Laura Sandberger-Loua

Laura Sandberger-Loua
Museum für Naturkunde - Leibniz Institute for Research on Evolution and Biodiversity | MFN · Evolution and Geoprocesses - Biodiversity Dynamics

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28
Publications
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Introduction
Laura Sandberger-Loua currently works at Museum für Naturkunde - Leibniz Institute for Research on Evolution and Biodiversity, within the Biodiversity Dynamics section. Laura does research in Zoology, Ecology and Systematics (Taxonomy). Their most recent publication is 'Gene-flow in the clouds: landscape genetics of a viviparous, montane grassland toad in the tropics.'

Publications

Publications (28)
Article
We describe a new species of the genus Conraua from the Fouta Djallon Highlands in Guinea. The species is recognised as distinct from nominotypical C. alleni, based on morphological evidence and is supported by a recent species delimitation analysis, based on DNA sequence data. The new species is distinguished from its congeners by the unique combi...
Article
Full-text available
We describe a new species of the genus Conraua from the Fouta Djallon Highlands in Guinea. The species is recognised as distinct from nominotypical C. alleni , based on morphological evidence and is supported by a recent species delimitation analysis, based on DNA sequence data. The new species is distinguished from its congeners by the unique comb...
Article
Full-text available
Anthropogenic habitat alteration often increases fragmentation and isolation, which decreases population sizes and increases extinction risk for species. Extrinsic threats may be buffered or enhanced by intrinsic factors. Within amphibians, the influence of different environmental and intrinsic factors on the population structure is not yet fully u...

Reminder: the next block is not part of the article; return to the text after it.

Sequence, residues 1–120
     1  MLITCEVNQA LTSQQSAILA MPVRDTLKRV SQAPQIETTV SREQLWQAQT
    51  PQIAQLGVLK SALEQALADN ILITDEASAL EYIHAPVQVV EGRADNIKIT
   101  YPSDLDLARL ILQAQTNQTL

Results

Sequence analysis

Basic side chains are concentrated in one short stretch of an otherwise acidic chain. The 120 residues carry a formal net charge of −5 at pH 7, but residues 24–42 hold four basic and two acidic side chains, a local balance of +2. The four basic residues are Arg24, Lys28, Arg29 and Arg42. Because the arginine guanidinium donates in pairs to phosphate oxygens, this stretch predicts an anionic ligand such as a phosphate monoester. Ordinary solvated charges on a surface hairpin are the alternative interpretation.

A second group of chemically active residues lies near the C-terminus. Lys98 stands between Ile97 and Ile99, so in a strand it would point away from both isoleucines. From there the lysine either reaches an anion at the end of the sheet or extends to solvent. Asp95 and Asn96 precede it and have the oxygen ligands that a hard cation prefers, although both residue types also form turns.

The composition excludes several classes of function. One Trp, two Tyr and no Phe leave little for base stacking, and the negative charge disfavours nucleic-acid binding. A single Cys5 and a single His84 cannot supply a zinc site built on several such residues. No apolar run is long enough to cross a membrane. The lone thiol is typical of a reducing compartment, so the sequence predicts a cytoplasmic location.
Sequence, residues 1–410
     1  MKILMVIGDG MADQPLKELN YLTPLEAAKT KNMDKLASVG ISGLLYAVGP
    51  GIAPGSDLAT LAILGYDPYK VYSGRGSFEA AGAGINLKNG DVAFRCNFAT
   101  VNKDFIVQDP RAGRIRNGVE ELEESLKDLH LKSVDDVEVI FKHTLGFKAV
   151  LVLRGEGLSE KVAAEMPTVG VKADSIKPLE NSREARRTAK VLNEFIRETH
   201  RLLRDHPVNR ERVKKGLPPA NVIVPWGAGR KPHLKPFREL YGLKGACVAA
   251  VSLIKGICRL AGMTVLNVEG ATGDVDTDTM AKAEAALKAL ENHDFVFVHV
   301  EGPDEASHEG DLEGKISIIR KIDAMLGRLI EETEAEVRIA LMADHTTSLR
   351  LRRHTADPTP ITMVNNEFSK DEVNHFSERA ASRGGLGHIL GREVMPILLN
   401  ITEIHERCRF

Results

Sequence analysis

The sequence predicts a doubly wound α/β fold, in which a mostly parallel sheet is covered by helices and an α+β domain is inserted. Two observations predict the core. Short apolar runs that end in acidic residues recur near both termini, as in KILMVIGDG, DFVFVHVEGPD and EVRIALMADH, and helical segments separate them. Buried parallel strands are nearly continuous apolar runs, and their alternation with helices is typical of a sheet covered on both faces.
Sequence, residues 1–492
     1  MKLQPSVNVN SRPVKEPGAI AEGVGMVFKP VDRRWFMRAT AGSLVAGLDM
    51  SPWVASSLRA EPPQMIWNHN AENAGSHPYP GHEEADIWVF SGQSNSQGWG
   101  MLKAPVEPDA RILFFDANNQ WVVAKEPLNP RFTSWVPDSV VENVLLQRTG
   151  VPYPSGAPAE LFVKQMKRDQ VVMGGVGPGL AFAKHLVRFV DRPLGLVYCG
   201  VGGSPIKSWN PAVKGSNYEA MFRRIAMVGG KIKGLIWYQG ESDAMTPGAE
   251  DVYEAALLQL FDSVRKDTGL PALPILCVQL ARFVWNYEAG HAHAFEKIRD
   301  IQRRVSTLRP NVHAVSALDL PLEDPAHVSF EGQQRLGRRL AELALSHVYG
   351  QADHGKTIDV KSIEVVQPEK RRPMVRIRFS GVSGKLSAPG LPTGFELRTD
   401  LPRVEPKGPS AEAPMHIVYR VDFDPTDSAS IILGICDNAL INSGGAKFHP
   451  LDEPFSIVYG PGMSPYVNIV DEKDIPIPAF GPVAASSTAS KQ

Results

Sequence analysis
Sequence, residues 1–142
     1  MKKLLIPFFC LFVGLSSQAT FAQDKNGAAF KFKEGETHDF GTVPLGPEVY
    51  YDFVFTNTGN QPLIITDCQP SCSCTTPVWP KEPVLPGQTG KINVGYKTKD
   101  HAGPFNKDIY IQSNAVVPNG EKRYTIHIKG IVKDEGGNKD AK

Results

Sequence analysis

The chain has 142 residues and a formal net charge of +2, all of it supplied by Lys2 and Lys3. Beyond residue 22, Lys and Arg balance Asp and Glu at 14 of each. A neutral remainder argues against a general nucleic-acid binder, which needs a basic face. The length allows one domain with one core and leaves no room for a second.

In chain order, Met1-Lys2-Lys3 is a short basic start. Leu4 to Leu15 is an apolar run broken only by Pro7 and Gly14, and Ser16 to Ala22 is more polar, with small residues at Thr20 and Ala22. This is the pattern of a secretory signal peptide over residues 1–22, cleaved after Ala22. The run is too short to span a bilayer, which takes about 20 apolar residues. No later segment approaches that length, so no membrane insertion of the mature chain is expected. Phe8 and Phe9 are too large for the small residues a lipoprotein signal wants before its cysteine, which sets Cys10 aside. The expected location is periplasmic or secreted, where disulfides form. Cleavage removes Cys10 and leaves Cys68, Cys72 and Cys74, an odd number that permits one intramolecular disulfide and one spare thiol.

Article
We report the rediscovery of the skink Trachylepis keroanensis (Chabanaud, 1921) 90 years after its description. For the first time pictures of live specimens are shown and the known, now extended, distribution is presented. The clear morphological differences (body shape, colouration and most notably ratio tail length to body length) towards Trach...
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Amphibians, and anurans in particular, show the highest diversity of reproductive modes among tetrapods. Nevertheless, viviparity is scarce in anurans and its occurrence is even more often assumed rather than confirmed. Probably the best studied viviparous amphibian is the Nimba toad, Nimbaphrynoides occidentalis. During more than 40 years of resea...
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Anurans are renowned for a high diversity of reproductive modes, but less than 1 % of species exhibit internal fertilisation followed by viviparity. In the live-bearing West African Nimba toad (Nimbaphrynoides occidentalis), females produce yolk-poor eggs and internally nourish their young after fertilisation. Birth of fully developed juveniles tak...
Article
Conservation efforts should be directed to species and areas in particular need. Several concepts for conservation prioritisation exist. Following appropriate measures, we determined the World Heritage Site (WHS) “Nimba Mountains” and its flagship-species, the Nimba toad (Nimbaphrynoides occidentalis), to be both “irreplaceable” and “vulnerable”. T...
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West African torrent-frogs of the genus Odontobatrachus currently belong to a single species: Odontobatrachus natator (Boulenger, 1905). Recently, molecular results and biogeographic separation led to the recognition of five Operational Taxonomic Units (OTUs) thus identifying a species-complex. Based on these insights, morphological analyses on mor...
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A putative driver of global amphibian decline is the panzootic chytrid fungus Batrachochytrium dendrobatidis (Bd). While Bd has been documented across continental Africa, its distribution in West Africa remains ambiguous. We tested 793 West African amphibians (one caecilian and 61 anuran species) for the presence of Bd. The samples originated from...
Data
List of West African caecilian and anuran species tested for the presence of Bd , and their main ecological characters. (PDF)